Welcome to the Stanford PRT Research and Training Program

Pivotal Response Treatment® is a highly acclaimed research-based intervention for individuals with Autism Spectrum Disorders (ASD). PRT® is a naturalistic intervention model derived from Applied Behavior Analysis (ABA). 

PRT® targets pivotal areas of a child's development, such as motivationresponsivity to multiple cuesself-management, and social initiations. These skills are pivotal because they are the foundational behaviors upon which learners with ASD can make widespread and generalized improvements in many other areas. By targeting these critical behaviors, PRT® results in widespread, collateral improvements in communication, social, and behavioral domains. 

Specific research-based motivational procedures including child choice, task variation, interspersing maintenance and acquisition tasks, rewarding attempts, and the use of direct natural reinforcers, are incorporated to make the intervention extremely powerful and efficient. The goal of PRT® is to move the child with ASD towards a more typical developmental trajectory, through individualized intervention objectives based on the child's needs.

PRT® targets each core area of development, and focuses on increasing motivation to engage and learn for children with ASD. PRT® is implemented in the natural environments of the child  (e.g., home, community, and school) and emphasizes parent education to empower family members to become agents of intervention, so that learning can be embedded across daily routines.

According to the studies that form the evidence base for PRT®, children with Autism Spectrum Disorders (ASD) aged from 2 to 16 years have benefited from PRT® intervention. Research has shown that the use of motivational techniques within the PRT® teaching framework can lead to 85-90% of children with autism (who begin intervention before the age of 5) developing verbal communication as a primary mode of communication. Researchers have also identified specific behavioral characteristics associated with favorable responses to the teaching practices. Precursors related to positive outcomes thus far, include increased use of social initiations and more toy play as well as decreased social avoidance and stereotypic language.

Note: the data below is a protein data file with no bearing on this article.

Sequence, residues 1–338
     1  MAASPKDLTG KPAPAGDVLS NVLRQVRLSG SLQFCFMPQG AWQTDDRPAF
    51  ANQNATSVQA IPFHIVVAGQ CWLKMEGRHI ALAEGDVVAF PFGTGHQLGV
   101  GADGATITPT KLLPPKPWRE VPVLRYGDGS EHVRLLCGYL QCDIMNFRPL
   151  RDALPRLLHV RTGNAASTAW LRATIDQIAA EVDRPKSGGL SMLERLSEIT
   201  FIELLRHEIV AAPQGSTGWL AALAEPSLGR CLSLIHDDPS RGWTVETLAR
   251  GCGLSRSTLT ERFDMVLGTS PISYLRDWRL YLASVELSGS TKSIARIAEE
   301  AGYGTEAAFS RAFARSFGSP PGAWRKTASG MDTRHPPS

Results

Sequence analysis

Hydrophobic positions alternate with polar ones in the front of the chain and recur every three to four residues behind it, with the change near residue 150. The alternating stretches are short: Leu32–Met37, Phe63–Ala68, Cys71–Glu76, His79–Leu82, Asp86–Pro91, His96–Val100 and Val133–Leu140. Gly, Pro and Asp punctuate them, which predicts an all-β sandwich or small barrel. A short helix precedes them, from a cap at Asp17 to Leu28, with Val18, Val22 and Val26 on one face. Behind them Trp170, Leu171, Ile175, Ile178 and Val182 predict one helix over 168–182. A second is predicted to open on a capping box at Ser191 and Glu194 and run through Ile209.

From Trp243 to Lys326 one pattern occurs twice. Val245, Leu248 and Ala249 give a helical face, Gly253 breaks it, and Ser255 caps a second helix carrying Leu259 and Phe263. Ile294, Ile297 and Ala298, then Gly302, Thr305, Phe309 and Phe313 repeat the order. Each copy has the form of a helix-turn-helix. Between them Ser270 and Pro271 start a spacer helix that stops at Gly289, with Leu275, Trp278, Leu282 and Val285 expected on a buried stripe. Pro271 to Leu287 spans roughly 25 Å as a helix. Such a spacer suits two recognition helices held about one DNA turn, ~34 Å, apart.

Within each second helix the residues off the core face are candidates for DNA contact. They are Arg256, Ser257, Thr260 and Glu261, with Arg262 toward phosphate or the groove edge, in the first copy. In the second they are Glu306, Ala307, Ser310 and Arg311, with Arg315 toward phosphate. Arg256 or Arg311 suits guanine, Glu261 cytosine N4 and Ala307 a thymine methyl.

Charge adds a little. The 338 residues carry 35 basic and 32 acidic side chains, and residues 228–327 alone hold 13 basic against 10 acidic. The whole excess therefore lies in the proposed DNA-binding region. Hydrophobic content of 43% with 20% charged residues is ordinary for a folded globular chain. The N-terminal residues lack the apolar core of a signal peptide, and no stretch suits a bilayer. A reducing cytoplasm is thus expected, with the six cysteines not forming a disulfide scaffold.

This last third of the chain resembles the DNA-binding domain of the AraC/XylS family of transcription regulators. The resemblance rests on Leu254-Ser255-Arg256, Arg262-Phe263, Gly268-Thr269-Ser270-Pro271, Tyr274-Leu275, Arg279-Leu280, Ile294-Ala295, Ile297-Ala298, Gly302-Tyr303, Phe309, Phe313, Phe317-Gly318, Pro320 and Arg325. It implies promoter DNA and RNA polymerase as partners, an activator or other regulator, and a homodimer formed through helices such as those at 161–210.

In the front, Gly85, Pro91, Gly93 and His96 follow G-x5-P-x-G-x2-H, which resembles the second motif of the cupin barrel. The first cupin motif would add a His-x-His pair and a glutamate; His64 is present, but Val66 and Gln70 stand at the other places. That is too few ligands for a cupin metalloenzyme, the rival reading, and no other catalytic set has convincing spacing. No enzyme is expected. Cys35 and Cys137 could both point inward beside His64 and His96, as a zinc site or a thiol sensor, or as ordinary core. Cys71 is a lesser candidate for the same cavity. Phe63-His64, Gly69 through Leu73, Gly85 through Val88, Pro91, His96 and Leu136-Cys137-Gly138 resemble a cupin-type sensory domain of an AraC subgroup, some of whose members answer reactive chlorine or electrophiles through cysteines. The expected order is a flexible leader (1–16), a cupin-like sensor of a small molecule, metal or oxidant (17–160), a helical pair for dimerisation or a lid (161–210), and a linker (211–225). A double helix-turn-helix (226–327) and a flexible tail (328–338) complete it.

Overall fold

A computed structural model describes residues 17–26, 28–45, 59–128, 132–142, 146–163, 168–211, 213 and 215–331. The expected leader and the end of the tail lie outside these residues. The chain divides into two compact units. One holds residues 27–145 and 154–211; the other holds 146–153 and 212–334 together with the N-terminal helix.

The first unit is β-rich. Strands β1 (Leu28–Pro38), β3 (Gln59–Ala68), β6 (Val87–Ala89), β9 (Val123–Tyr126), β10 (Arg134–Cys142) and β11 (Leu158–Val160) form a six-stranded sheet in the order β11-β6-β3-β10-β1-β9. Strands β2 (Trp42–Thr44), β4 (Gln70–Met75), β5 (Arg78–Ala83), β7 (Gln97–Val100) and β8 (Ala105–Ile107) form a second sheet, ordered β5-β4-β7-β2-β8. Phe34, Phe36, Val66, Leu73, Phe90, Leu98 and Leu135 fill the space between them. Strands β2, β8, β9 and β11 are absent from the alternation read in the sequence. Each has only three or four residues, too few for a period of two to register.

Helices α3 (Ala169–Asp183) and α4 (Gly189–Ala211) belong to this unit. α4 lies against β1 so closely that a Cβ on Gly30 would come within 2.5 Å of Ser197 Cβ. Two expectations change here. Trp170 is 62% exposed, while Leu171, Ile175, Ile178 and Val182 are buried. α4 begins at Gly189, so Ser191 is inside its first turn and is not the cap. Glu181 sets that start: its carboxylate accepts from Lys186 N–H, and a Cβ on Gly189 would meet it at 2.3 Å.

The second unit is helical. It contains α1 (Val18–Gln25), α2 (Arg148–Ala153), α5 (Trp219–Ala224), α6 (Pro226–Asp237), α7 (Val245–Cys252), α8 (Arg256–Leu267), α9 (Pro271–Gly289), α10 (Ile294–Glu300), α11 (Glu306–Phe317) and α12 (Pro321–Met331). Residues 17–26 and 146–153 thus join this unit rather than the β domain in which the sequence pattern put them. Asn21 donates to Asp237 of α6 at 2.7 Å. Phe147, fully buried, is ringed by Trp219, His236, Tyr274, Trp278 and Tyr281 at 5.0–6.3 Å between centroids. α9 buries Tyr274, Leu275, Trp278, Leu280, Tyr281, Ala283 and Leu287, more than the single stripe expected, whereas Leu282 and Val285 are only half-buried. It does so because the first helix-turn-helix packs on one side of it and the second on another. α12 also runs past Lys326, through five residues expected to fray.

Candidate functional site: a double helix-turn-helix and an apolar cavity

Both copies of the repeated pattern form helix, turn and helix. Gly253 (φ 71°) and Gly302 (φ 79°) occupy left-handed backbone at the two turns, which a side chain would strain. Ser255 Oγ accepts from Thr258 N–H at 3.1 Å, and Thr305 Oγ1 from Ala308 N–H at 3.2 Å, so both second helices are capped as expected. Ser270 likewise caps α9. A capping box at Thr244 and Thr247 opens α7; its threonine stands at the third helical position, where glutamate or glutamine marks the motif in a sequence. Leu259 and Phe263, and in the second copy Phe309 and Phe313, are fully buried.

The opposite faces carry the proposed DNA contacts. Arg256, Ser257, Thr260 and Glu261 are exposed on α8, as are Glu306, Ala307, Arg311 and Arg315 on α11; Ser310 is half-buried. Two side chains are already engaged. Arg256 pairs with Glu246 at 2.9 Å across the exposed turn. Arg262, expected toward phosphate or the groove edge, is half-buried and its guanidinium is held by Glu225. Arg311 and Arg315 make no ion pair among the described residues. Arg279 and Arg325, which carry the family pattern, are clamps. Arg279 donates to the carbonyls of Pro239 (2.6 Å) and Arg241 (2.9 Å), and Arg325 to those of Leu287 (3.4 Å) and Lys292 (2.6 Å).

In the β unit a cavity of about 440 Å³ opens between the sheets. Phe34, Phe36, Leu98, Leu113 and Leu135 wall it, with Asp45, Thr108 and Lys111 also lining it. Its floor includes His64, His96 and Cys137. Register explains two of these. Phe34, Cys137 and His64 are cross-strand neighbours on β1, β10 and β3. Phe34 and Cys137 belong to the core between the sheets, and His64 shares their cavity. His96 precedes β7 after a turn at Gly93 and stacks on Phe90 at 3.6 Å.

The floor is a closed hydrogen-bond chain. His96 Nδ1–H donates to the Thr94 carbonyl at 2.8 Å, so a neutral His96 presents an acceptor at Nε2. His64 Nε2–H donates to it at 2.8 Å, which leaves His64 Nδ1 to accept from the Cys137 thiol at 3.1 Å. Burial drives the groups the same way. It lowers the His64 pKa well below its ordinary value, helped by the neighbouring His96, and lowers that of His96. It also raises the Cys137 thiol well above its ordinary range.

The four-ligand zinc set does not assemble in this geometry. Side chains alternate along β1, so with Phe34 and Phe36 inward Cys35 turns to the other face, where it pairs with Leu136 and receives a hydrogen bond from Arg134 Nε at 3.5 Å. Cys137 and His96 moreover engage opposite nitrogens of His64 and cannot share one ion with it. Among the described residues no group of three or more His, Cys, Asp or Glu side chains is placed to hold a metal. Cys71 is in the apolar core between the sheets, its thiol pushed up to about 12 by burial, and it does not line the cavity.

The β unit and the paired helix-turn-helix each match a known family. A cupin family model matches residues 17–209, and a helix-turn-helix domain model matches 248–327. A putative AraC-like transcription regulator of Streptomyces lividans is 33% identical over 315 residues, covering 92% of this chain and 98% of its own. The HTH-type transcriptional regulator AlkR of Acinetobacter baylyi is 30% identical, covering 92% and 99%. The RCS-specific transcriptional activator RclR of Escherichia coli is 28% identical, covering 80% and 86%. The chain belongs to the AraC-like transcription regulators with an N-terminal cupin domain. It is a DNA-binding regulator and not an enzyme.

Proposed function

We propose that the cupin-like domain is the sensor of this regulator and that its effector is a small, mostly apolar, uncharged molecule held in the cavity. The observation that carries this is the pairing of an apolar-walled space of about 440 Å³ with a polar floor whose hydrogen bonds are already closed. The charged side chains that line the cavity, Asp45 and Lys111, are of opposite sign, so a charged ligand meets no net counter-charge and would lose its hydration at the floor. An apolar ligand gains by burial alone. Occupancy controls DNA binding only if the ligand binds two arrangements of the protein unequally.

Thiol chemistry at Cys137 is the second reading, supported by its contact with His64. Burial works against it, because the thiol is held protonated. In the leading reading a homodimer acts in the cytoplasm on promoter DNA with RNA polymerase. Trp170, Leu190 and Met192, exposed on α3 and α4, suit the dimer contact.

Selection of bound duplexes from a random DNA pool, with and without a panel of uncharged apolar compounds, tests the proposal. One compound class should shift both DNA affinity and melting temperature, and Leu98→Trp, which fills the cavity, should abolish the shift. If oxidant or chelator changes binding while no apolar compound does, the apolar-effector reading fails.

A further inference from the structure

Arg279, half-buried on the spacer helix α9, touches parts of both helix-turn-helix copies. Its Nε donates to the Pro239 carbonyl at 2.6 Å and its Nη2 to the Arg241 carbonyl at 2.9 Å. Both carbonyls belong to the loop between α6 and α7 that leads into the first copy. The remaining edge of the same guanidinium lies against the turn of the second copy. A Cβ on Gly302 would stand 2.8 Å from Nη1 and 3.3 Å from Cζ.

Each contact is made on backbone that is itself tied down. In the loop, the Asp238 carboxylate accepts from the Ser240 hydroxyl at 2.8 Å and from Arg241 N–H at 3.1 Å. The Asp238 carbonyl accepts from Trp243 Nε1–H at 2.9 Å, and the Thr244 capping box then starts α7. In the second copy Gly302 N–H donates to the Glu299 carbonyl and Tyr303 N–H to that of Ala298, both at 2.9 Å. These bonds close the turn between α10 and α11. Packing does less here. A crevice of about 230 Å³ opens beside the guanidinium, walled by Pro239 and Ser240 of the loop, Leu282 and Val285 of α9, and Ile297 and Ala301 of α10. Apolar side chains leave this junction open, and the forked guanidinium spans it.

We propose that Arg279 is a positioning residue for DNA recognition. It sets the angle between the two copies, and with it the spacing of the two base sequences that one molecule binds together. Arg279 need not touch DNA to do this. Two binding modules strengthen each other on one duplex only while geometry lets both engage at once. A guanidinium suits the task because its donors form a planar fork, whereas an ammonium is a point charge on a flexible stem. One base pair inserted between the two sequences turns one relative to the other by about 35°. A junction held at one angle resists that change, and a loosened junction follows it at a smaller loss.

Pivotal Response Treatment® was developed initially by Drs. Robert and Lynn Koegel at the University of California, Santa Barbara, and is now further being developed by the Koegels at Stanford University. Over the past 30 years, the Koegels, their graduate students, and their colleagues have published over 200 research articles in peer-reviewed journals that support the effectiveness of PRT®, and have written over 30 books and manuals. PRT® is listed by the National Research Council as one of the ten model programs for autism, and is one of four scientifically-based practices for autism intervention in the U.S. (Simpson, 2005).

For more information please email PRTautism@stanford.edu

Research Studies

Social Skills Program: Pivotal Response Treatment (Face-to-Face) for Highly Verbal Autistic Adolescents (11-13 years)

This is a 9-week intervention focusing on key social skills for autistic adolescents ages 11-13 years, while exploring brain plasticity using fMRI imaging. Your child will receive 1:1 sessions with our clinician, with parent education in clinic. Topics include: Greetings, Departures, Question Asking, Talking the Right Amount, Empathy, Sarcasm, and Eating and Drinking. We also coordinate with the school for additional support and opportunities to practice the targeted social skills in a club of interest.  The intervention is completely free and we compensate up to $325 for your child’s time for all assessments, fMRI imaging, and intervention appointments. Interested individuals can contact Braindevelopment@Stanford.edu.

Social Conversation Program: AI Study for Verbal Autistic Adolescents and Adults (11-35 years)

This 4-week AI program is designed to improve the social conversation of autistic adolescents and adults. This program can be completed in 5-10 minutes a day, 5 days a week, using a home computer. Individuals may talk or type responses into the computer and feedback will be provided. We have nine different AI modules and will be testing them individually, beginning with responding empathetically. Interested individuals can email LizzieP@Stanford.edu.